What’s our liability when a supervisor strikes an employee? — Business Management Daily: Free Reports on Human Resources, Employment Law, Office Management, Office Communication, Office Technology and Small Business Tax Business Management Daily
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What’s our liability when a supervisor strikes an employee?

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Q. We recently had an incident in which a supervisor hit an employee. Are we liable? What kind of violence is a company responsible for preventing?

An employer is liable for an employee’s torts committed in the course and scope of employment. Under limited circumstances, an employee’s intentional or criminal acts can fall within the course and scope of employment.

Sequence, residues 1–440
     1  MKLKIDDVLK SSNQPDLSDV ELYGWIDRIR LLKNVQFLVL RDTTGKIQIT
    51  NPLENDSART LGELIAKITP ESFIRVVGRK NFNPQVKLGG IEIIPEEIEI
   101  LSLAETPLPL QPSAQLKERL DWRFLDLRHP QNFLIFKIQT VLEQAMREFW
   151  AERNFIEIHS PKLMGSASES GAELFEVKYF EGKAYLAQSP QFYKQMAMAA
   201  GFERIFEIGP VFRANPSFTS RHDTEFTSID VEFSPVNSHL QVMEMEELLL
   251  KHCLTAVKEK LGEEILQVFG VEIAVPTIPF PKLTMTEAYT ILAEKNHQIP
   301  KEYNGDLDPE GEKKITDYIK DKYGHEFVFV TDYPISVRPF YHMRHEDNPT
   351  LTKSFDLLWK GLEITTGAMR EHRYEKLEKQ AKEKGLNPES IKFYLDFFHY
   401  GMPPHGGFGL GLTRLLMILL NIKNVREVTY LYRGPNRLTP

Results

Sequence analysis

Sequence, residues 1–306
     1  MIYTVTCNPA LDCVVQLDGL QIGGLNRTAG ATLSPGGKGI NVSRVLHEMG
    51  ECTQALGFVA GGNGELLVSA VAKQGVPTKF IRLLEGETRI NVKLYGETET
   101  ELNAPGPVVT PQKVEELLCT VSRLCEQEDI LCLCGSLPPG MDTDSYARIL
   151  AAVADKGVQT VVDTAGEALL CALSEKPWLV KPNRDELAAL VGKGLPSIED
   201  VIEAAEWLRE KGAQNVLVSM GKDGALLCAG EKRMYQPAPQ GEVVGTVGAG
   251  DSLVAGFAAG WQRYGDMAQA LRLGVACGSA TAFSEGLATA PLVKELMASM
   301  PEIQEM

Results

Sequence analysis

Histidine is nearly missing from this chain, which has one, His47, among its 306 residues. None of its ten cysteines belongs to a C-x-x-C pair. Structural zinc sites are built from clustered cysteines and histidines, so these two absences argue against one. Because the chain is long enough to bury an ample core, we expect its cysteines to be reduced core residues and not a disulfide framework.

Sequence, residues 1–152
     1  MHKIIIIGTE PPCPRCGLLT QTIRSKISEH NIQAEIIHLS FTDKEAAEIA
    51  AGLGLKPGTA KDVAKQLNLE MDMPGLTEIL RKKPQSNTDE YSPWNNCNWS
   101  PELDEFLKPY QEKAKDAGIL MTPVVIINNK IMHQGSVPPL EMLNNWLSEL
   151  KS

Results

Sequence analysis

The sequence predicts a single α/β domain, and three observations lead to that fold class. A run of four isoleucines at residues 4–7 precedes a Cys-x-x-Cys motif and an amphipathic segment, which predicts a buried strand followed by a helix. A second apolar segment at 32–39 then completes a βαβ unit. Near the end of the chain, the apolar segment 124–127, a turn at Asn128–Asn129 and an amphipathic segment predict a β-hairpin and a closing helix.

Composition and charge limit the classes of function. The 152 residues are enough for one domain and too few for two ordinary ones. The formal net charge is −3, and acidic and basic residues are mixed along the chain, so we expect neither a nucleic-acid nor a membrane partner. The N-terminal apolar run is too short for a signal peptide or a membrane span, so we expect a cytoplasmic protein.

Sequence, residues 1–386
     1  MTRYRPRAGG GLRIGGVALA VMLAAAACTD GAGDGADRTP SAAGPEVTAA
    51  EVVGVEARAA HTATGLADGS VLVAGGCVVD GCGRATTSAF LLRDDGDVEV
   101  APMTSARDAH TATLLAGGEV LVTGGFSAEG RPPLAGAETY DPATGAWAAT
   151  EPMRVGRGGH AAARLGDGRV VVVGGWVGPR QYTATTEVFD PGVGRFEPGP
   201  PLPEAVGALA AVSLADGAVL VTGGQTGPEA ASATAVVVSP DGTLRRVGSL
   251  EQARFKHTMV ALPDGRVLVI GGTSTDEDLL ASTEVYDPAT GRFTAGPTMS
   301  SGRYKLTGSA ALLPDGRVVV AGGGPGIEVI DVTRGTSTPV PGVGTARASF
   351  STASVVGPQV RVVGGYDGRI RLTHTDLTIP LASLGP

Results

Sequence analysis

The definition of conduct within the scope of employment is:

  1. It is of a kind and nature that the employee is employed to perform.
  2. It occurs substantially within the authorized time and space limits of the employment.
  3. It is actuated, at least in part, by a purpose to serve the employer.
  4. If, in cases in which an employee intentionally uses force against another, the use of force is not unexpected by the employer.

Under Pennsylvania law, when an employee commits an act encompassing the use of force that is excessive and so dangerous as to be totally without responsibility or reason, the employer is not responsible as a matter of law.

Thus, the determination of liability must be assessed on a case-by-case basis. It depends on the individual circumstances of the incident.

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